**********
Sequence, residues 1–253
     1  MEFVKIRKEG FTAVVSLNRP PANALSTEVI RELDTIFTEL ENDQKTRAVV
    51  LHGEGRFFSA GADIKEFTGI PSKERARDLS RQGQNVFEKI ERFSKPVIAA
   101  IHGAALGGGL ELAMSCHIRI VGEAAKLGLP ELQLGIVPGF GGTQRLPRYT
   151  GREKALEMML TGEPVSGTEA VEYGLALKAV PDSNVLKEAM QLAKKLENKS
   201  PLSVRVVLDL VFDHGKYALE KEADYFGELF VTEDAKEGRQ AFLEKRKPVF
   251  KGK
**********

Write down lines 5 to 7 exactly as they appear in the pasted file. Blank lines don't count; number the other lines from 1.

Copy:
   151  GREKALEMML TGEPVSGTEA VEYGLALKAV PDSNVLKEAM QLAKKLENKS
   201  PLSVRVVLDL VFDHGKYALE KEADYFGELF VTEDAKEGRQ AFLEKRKPVF
   251  KGK